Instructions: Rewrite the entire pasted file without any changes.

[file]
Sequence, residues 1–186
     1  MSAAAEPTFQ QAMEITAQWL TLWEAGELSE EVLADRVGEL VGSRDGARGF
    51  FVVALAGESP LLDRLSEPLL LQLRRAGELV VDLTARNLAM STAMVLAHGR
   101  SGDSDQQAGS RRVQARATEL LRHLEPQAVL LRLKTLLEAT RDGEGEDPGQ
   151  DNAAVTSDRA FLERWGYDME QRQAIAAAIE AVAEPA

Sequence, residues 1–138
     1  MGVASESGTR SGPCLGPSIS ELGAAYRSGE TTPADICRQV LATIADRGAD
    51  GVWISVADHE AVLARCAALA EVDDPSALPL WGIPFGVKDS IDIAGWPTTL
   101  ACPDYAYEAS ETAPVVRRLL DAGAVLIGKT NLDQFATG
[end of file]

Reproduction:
Sequence, residues 1–186
     1  MSAAAEPTFQ QAMEITAQWL TLWEAGELSE EVLADRVGEL VGSRDGARGF
    51  FVVALAGESP LLDRLSEPLL LQLRRAGELV VDLTARNLAM STAMVLAHGR
   101  SGDSDQQAGS RRVQARATEL LRHLEPQAVL LRLKTLLEAT RDGEGEDPGQ
   151  DNAAVTSDRA FLERWGYDME QRQAIAAAIE AVAEPA

Sequence, residues 1–138
     1  MGVASESGTR SGPCLGPSIS ELGAAYRSGE TTPADICRQV LATIADRGAD
    51  GVWISVADHE AVLARCAALA EVDDPSALPL WGIPFGVKDS IDIAGWPTTL
   101  ACPDYAYEAS ETAPVVRRLL DAGAVLIGKT NLDQFATG